At a recent Science Foundation Ireland forum on how science and industry can work together for economic recovery, Mark Little, the former RTÉ broadcaster and now a social media entrepreneur, told an interesting story that captured how children have grasped information communications technology (ICT).
He described how an eight-year-old boy walked over to the family’s television, moved his hand from left to right across the flat screen in a wave-like motion and, when no picture appeared, declared that it was broken.
The boy’s belief that the television activated in the same way as an iPad rather than by remote control tells us something about how instinctive new technology has become to a whole generation of young people.
As parents, educators and policy-makers, we must quickly adapt to the pace at which new developments in ICT are encroaching on our lives and informing the futures of our children.
Lord David Puttnam, the Oscar and BAFTA-winning movie producer, educator and technology advocate who spoke at the Irish Primary Principals’ Network (IPPN) annual conference in Citywest Hotel Dublin in January, said that digital classrooms can revolutionise pedagogy in the same way as free second level education was a major breakthrough for learning in the 1960s. He believes that Ireland’s strong enterprise economy – the clusters of multinationals and innovative Irish companies – has its genesis in Donagh O’Malley’s decision to make second-level education a right and not a privilege.
Today, we must take the same forward-thinking approach and invest in primary education. Technology is already pervasive in our lives and it will be central to our future – in our homes, in our leisure time and in our workplaces. We already know that much of the work today’s children will undertake as adults has not yet been invented. If you find that hard to believe, consider the number of people now employed in making smart phones, tablet PCs, satellite navigation systems, touch-screen cash machines, 3D ultrasound systems, not to mention the software that runs on these systems. None of those jobs existed when those workers were in school.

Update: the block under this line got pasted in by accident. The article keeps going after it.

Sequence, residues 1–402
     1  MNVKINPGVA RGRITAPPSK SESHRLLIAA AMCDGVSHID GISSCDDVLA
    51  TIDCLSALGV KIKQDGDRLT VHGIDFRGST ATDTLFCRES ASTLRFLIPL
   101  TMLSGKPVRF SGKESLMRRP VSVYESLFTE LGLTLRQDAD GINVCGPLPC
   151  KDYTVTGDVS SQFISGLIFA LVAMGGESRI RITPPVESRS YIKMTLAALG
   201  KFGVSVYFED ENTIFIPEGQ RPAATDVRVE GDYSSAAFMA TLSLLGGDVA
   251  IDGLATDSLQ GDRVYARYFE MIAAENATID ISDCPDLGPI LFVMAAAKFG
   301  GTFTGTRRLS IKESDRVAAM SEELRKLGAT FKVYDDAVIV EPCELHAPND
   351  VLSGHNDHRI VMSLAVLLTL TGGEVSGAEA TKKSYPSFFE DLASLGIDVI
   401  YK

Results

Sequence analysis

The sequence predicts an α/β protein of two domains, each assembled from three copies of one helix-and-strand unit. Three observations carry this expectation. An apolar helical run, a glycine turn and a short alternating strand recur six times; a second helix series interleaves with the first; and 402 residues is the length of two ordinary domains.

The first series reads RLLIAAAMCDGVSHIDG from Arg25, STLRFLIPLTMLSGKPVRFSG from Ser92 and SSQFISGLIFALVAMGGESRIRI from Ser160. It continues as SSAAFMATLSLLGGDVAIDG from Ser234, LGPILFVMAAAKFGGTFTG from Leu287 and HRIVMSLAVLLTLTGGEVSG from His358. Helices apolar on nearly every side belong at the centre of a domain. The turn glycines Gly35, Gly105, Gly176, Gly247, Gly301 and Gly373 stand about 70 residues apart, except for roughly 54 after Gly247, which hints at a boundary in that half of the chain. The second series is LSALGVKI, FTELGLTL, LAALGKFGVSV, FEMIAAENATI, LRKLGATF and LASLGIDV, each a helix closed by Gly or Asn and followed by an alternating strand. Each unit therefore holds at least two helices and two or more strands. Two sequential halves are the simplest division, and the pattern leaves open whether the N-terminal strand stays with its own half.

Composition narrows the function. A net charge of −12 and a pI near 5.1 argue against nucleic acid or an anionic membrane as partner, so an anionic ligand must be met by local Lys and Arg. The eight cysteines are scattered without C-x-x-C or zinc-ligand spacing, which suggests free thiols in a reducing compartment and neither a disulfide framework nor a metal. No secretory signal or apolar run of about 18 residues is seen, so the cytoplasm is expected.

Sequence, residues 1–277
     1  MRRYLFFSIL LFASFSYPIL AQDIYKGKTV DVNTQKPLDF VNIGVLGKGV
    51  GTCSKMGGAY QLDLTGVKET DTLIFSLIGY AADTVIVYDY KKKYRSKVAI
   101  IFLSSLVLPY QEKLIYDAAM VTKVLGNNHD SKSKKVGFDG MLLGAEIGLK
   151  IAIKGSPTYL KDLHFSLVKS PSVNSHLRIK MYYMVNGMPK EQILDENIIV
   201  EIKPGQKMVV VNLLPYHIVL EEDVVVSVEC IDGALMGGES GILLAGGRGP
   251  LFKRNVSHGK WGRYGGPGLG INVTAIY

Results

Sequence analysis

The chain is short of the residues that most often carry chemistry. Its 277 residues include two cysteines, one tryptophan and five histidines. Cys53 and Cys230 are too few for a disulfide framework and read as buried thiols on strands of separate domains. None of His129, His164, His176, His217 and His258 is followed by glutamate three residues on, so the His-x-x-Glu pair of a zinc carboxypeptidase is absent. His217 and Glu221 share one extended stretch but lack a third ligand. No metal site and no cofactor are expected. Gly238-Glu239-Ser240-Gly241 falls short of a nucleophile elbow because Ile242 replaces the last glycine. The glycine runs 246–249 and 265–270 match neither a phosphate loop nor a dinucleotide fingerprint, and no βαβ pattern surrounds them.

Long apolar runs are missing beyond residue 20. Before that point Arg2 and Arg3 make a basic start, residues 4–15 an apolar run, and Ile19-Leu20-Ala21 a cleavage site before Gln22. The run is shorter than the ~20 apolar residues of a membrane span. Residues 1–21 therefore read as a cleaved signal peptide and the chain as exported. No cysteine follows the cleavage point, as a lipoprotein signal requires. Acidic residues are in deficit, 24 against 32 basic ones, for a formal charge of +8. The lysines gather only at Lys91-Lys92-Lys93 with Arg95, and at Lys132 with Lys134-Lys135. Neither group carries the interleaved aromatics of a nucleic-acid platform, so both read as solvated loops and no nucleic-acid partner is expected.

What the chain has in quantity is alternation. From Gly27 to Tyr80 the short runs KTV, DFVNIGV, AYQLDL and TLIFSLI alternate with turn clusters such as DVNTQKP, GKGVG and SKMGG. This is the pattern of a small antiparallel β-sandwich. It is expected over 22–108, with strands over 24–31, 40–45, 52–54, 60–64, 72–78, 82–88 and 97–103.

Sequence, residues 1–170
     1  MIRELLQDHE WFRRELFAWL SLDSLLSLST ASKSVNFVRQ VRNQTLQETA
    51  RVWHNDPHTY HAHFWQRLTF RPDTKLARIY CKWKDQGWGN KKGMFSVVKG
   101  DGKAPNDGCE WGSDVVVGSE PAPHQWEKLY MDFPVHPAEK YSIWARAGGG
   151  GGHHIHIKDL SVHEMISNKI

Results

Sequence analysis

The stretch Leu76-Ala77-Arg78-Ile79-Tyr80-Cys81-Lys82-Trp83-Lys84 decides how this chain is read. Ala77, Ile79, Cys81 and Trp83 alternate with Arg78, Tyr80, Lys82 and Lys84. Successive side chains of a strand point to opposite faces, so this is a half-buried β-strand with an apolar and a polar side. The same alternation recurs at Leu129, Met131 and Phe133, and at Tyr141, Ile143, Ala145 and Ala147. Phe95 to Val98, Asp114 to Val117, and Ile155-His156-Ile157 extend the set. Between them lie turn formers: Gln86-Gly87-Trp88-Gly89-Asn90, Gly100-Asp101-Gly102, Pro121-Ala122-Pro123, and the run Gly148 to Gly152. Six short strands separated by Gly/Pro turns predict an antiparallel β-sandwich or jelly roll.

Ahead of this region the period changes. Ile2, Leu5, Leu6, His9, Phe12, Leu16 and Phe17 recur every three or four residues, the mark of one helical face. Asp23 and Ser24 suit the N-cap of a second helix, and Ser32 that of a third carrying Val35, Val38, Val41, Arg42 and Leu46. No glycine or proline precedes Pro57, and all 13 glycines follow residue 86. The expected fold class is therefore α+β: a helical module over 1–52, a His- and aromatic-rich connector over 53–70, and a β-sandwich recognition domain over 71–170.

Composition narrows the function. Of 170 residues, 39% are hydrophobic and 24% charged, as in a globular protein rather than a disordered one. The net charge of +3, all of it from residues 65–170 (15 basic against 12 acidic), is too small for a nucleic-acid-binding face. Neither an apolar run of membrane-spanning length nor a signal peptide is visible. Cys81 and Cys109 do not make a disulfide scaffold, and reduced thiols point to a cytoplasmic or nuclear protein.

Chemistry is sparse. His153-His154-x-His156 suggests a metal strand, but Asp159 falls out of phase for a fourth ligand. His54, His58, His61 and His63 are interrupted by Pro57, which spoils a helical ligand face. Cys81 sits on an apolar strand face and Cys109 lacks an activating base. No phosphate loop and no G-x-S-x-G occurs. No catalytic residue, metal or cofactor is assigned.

Education has to be about learning new skills rather than memorising vast quantities of information available on the internet. IPPN, the professional body that represents over 3,350 primary school leaders, has long advocated harnessing ICT to support the teaching of all subjects in primary education where the foundation is laid for all future learning.
We need to accept that the traditional methods of delivering the curriculum no longer fit the way in which children experience their world. It is no longer reasonable to expect children entering junior infants at four or five years of age to sit for long periods in a non-digital environment, because, since they have been able to crawl, these children have been exposed to touch-screen technology.
This generation of primary school children are, in David Puttnam’s words, ‘digital natives’, while the rest of us he describes as ‘digital immigrants’. We need to meet the expectations of a new generation of young people, some of whom are more familiar with new technology than their parents and teachers. This throws up challenges that the Government and the education sector must confront.
The challenge for teachers is to successfully adapt from the role of teacher as purveyor of all knowledge, dispensing it to children in measurable amounts, to a role where the teacher is a facilitator of learning where everyone is both a teacher and a learner.
The narrative has moved on from ensuring that every child has access to basic education to ensuring that they are properly prepared to meet the skills demands of a rapidly changing society and workplace.
The challenge for Government is to establish a multi-annual budget for ICT in primary education. High-speed broadband, laptops and tablets, reliable networks and practical technical support are essential ingredients. Many schools have already fundraised extensively to install interactive whiteboards. Some will question the affordability of an ICT investment plan based on our economic circumstances – but, in my view, a better question is: can we afford the cost of not making this investment?